Services help seniors ease anxiety about life after graduation

    251
    print

    Career Services staff said March is one of the busiest months in the office, largely because there is an uptick in the number of seniors focused on landing a job in time for graduation.

    A number of seniors said they are worried about the insecurity of their situations following graduation in May.

    Brittany Andrews, a senior child development major, said trying to find a job after graduation is stressful.

    Senior Bryan Williams mirrored Andrews’ concern.

    “After graduation I do have concerns for paying for loans and going to grad school,” Williams, a sports psychology major, said.

    John Thompson, executive director of Career Services, said if seniors have not already taken action at this point, they should immediately begin the process of finding a job.

    Thompson said seniors should make sure their resume is in order, form an idea about which industries they are most interested in and compile a list of companies to which they wish to apply.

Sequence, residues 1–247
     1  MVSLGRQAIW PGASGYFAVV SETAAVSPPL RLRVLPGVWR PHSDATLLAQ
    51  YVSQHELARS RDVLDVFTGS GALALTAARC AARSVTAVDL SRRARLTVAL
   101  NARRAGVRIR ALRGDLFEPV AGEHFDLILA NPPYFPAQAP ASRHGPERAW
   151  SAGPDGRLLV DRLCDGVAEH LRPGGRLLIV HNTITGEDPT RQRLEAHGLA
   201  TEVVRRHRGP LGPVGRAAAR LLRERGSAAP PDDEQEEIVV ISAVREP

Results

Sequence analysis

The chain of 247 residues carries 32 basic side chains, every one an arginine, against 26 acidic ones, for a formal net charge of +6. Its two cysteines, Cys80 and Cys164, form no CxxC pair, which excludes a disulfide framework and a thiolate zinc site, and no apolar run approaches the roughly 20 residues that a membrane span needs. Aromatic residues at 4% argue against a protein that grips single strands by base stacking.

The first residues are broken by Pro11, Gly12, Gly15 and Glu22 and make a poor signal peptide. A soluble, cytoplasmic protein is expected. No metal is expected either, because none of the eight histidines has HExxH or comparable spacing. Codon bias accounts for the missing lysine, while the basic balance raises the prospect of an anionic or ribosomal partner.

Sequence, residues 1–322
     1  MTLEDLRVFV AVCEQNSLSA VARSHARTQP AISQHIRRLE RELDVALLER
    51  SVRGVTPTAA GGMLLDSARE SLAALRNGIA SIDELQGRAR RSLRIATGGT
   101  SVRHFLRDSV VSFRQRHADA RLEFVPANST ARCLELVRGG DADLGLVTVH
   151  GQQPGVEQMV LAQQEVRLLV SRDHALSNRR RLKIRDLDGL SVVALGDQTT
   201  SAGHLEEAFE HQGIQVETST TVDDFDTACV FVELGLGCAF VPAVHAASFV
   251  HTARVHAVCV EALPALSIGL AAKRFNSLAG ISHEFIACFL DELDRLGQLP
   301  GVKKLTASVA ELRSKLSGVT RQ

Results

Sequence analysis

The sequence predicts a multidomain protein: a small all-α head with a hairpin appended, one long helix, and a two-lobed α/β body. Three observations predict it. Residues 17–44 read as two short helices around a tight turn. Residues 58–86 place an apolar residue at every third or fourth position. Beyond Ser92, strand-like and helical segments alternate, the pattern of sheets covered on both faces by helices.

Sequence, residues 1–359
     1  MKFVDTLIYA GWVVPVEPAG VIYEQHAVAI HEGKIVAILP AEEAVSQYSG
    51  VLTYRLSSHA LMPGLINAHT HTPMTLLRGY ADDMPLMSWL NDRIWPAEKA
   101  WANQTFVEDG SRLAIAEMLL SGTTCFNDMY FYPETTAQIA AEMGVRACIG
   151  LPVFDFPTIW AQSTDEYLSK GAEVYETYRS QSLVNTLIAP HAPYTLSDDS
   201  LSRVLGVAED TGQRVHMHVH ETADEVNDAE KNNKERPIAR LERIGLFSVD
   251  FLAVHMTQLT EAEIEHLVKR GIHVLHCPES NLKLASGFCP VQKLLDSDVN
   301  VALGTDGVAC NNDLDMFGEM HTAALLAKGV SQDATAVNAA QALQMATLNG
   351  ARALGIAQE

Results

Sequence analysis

In the current job market, internships are a crucial component of being a strong entry-level candidate.

    “Today if students don’t have an internship, it’s a major problem,” Thompson said. “Companies want to know that you know how to work – they don’t want to spend money breaking you in.”

    Despite the worries of current seniors, Thompson said the majority of students have had jobs at the time of their graduation, according to surveys of the last three graduating classes.

    In the surveys given to students prior to graduation, 25 percent of the last three graduation classes went on to grad school or another program furthering their education.

    Susan Sledge, internship development manager for the Alcon Career Center, said utilizing the Frog Jobs website, speaking with a career advisor, making a LinkedIn account and networking will help ease the stress of the job search for seniors.

    “It’s momentum that you need to ease that stress. I think it’s taking that first step that sometimes hard for students,” Sledge said.

    “The real important thing is not to panic, because if you begin to panic then you start making decisions that might not be in your best interest,” Thompson said.

    Thompson and Sledge encourage students to visit Career Services to speak with advisers and help make sure students have a bright future, which may allow some students to enjoy their last semester as an undergrad.